3) 1-3 engine booster with 2 attachable engine pods (2-3 engine). The engine pods would separate and flyback. Booster carries on its (substainer) engines which eventually separate and fly back. Still have option of 2 additional SRBs.
4) Only use 2 flyback pods with central fuel tank. ULA have picture of this, maybe Vulcan successor. Still have option of 2 extra SRBs.

For options 2-4 engine pods will be close to orbital speeds when they separate.


Offline Salo

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Re: CNES ESA Prometheus / Callisto proposal
« Reply #11 on: 12/04/2016 06:13 PM »
http://web.archive.org/web/20160827123254/https://ariane.cnes.fr/fr/moteur-promethee-une-evolution-vers-des-systemes-de-lancements-europeens-tres-bas-cout
Google translate:
Quote
20 April 2016
PROMETHEE, an evolution towards European launch systems at very low cost
With the PROMETHEE engine, CNES and Airbus Safran Launchers are preparing European launch systems at very low cost.

Since its inception, the Ariane 5 launcher has been a remarkable success. To date, the European pitcher has completed a series of 71 successful consecutive launches.

As early as 2020, Ariane 6 will continue this success, especially in the face of the significant emergence of new players in the field of space transportation and at a cost twice as low as Ariane 5.

Indeed, fueled by new investors and the multiplication of innovative applications, the environment of the space sector is changing rapidly, whether from the satellites or the launch services offered by new players. All indications are that these new operators will continue their efforts to reduce the costs of access to space by 2025/2035.

For A competitive launcher beyond Ariane 6

In order for Europe to continue to have a competitive launcher beyond Ariane 6 in the long term, CNES, in partnership with Airbus Safran Launchers, is preparing to develop new engines to Production costs and increase the pace of launch. "We think we need to work on a new engine that could be reusable but, beyond that, we need a much cheaper engine than the ones we are currently using, which has to be reduced by a factor of Whether it is a reusable engine or not, "explained Jean-Marc Astorg, CNES launcher director in the February-March 2016 issue of Aviation Week and Space Technology.

PROMETHEE (Precursor Reusable Oxygen METHane cost Effective Engine), 100 T LOX / Methane thrust gas generating cycle engine, will be an evolution towards very low cost European launch systems. The goal is to have a launcher that will cost twice as much as Ariane 6 with technologies of the 21st century. The first PROMETHEE engine bench tests are planned for 2018.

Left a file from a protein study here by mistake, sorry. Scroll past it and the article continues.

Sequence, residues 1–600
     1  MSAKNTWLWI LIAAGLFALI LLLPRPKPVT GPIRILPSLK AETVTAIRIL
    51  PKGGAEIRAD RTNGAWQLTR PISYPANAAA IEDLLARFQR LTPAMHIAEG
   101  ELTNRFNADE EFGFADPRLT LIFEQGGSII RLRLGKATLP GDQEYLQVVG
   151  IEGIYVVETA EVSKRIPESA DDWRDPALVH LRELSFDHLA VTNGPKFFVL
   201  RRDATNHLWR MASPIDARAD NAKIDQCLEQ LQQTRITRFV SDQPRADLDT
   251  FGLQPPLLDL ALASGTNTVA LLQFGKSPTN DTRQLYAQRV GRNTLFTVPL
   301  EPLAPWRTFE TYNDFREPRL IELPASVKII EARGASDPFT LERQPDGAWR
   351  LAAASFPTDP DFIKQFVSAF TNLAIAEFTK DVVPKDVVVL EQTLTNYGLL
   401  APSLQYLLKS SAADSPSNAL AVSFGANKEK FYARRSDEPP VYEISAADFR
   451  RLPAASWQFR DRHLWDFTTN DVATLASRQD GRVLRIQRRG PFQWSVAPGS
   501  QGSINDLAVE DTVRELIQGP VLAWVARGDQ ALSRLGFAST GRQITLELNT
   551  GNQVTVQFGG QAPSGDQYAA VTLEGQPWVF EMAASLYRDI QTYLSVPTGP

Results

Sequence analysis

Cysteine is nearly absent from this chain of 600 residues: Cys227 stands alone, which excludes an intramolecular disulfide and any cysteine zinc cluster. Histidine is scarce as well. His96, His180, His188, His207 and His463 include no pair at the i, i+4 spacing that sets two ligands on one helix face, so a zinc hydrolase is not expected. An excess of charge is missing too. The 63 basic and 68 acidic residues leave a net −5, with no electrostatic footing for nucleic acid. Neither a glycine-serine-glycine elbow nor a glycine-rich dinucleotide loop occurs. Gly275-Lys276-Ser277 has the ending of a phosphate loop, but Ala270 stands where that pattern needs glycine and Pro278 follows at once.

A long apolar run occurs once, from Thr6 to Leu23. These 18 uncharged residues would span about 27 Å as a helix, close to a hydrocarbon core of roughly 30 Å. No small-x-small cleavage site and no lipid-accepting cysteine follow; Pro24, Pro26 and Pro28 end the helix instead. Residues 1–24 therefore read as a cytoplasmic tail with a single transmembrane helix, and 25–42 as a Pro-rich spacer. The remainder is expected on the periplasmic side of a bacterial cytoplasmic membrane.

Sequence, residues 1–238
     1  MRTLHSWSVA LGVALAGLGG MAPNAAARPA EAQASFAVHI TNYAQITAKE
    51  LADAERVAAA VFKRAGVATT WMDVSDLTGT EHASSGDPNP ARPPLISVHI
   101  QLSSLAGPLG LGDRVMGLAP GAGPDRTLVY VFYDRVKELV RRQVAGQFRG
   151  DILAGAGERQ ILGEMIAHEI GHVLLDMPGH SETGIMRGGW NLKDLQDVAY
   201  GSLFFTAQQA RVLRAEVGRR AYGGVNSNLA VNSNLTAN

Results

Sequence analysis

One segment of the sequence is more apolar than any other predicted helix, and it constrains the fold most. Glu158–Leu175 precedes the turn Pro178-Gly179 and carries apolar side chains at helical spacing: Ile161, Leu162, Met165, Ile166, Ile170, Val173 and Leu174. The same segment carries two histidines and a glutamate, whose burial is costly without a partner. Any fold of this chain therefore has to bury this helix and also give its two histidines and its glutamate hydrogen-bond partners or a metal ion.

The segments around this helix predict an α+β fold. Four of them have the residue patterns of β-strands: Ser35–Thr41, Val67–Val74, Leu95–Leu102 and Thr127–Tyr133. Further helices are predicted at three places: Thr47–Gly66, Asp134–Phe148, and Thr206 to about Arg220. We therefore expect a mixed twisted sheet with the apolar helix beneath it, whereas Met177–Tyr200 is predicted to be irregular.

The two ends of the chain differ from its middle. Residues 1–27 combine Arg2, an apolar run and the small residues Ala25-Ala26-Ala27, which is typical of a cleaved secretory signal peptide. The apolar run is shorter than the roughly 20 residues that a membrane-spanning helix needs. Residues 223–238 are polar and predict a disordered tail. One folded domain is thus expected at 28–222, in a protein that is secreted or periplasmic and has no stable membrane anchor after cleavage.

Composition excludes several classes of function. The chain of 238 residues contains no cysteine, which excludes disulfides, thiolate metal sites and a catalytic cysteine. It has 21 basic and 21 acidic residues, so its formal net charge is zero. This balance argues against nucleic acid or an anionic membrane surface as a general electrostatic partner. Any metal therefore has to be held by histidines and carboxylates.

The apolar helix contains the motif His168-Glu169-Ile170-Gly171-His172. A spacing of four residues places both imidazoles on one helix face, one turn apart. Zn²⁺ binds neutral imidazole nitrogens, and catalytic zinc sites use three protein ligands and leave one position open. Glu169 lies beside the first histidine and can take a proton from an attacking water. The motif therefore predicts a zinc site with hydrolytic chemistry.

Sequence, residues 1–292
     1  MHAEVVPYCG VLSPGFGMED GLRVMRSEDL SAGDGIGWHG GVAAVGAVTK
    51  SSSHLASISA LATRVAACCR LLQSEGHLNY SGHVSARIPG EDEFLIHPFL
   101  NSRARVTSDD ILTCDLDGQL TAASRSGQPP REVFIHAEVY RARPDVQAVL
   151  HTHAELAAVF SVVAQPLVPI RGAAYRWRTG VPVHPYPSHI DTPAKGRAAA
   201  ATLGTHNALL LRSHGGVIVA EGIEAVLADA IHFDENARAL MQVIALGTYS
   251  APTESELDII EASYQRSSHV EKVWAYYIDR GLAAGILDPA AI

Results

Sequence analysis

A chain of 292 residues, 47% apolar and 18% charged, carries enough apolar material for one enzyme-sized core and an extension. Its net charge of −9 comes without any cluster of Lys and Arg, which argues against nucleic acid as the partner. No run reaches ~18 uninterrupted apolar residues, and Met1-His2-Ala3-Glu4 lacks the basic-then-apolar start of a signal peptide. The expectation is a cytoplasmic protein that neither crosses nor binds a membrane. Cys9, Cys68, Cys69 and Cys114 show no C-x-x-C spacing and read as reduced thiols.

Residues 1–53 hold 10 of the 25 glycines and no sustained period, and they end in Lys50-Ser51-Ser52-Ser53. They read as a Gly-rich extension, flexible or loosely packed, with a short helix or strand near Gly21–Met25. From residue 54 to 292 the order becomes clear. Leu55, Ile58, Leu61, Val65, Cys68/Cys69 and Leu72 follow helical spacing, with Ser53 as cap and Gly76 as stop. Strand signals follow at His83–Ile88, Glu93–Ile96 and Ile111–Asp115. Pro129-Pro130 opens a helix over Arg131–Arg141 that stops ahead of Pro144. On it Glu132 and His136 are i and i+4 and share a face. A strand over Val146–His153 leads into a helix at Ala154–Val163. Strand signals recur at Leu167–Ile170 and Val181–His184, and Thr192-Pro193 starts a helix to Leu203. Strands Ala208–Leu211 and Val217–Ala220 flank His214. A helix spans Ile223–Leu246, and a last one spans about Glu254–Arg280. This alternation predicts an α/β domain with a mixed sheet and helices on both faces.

The studies currently under way, jointly carried out by ASL and the CNES launcher division, have made it possible to define technological solutions capable of meeting the very low cost objectives of this engine. In parallel, prototyping of some parts has already been launched.

Through PROMETHEE, the objective is also to reduce engine development times, notably by using the latest technologies in 3D printing.

The Promethee engine could lead to launchers ten times cheaper than at present. Credits: CNES

« Last Edit: 12/04/2016 06:14 PM by Salo »

Offline Salo

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Re: CNES ESA Prometheus / Callisto proposal
« Reply #12 on: 12/04/2016 06:19 PM »
https://presse.cnes.fr/en/thierry-mandon-visits-cness-launch-vehicles-directorate-dla-presentation-ariane-6-and-vega-c

June 1, 2016
Thierry Mandon visits CNES’s Launch Vehicles Directorate (DLA) : presentation of Ariane 6 and Vega-C programmes and their future evolutions

Wednesday 1 June, Thierry Mandon, Secretary of State for Higher Education and Research, visited CNES’s Launch Vehicles Directorate (DLA) for a presentation of the Ariane 6 and Vega-C programmes and their future evolutions. The meeting was held in the presence of representatives from CNES, ESA, the German, Italian and Swiss space agencies, Airbus Safran Launchers (ASL) and Arianespace.